Memory transfer

Historically proposed biological process / From Wikipedia, the free encyclopedia

Memory transfer was a biological process proposed by James V. McConnell and others in the 1960s. Memory transfer proposes a chemical basis for memory termed memory RNA which can be passed down through flesh instead of an intact nervous system. Since RNA encodes information[1] living cells produce and modify RNA in reaction to external events, it might also be used in neurons to record stimuli.[2][3][4] This explained the results of McConnell's experiments in which planarians retained memory of acquired information after regeneration. Memory transfer through memory RNA is not currently a well-accepted explanation and McConnell's experiments proved to be largely irreproducible.[5]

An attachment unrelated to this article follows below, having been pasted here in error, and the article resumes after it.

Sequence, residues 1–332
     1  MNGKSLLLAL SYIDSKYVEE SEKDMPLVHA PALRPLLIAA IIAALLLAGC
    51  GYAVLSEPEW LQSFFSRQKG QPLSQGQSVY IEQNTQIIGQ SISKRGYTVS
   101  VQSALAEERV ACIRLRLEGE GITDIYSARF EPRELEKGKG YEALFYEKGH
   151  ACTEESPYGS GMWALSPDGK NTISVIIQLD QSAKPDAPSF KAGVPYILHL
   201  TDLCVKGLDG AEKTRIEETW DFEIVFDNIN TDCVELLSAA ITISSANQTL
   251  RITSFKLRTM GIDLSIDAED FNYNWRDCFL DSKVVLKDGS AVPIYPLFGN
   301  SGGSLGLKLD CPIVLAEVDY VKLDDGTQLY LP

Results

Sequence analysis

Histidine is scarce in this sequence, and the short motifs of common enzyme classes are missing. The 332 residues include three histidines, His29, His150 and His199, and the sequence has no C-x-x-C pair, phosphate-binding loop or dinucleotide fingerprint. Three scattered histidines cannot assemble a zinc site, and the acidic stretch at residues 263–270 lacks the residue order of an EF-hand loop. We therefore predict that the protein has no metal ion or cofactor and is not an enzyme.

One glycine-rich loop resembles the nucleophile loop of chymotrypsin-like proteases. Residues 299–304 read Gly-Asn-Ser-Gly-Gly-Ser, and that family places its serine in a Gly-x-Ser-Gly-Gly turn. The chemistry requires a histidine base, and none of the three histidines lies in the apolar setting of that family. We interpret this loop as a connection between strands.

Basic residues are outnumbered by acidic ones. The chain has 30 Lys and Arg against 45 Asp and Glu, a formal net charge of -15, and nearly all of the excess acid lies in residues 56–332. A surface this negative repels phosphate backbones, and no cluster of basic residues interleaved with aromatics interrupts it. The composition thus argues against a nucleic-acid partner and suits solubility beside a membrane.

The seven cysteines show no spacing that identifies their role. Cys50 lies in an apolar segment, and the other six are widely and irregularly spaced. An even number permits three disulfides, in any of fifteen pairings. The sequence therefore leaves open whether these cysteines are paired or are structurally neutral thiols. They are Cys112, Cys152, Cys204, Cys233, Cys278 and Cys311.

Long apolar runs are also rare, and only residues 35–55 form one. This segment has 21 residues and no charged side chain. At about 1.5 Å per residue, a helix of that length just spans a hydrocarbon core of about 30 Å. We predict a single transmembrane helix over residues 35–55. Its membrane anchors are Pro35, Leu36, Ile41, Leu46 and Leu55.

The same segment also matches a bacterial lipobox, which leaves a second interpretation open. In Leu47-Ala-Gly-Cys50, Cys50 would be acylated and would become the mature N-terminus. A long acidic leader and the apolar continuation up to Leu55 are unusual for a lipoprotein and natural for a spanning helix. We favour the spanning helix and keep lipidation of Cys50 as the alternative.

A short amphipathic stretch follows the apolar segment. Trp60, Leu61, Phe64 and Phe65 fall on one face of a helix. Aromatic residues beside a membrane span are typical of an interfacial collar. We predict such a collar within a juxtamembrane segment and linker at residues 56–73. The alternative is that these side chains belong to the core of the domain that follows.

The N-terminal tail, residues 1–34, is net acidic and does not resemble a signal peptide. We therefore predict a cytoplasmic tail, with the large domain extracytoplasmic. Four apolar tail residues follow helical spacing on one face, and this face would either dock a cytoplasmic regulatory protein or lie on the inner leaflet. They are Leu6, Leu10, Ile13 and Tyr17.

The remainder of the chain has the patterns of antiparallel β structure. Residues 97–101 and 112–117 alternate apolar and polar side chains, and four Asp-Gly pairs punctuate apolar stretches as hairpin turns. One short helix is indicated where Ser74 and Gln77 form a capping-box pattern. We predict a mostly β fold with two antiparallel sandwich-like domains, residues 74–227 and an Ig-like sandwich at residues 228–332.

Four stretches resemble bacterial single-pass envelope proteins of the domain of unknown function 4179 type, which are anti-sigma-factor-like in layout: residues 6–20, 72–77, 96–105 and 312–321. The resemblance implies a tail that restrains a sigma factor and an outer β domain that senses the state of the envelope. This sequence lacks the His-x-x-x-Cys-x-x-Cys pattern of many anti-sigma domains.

In McConnell's experiments, he classically conditioned planarians to contract their bodies upon exposure to light by pairing it with an electric shock.[6][5] The planarians retained this acquired information after being sliced and regenerated, even after multiple slicings to produce a planarian where none of the original trained planarian was present.[5] The same held true after the planarians were ground up and fed untrained cannibalistic planarians, usually Dugesia dorotocephala.[5][7] As the nervous system was fragmented but the nucleic acids were not, this seemed to indicate the existence of memory RNA[5] but it was later suggested that only sensitization was transferred,[6] or that no transfer occurred and the effect was due to stress hormones in the donor or pheromone trails left on dirty lab glass.[2] However, other experiments seem to support the original findings in that some memories may be stored outside the brain.[8][9][10]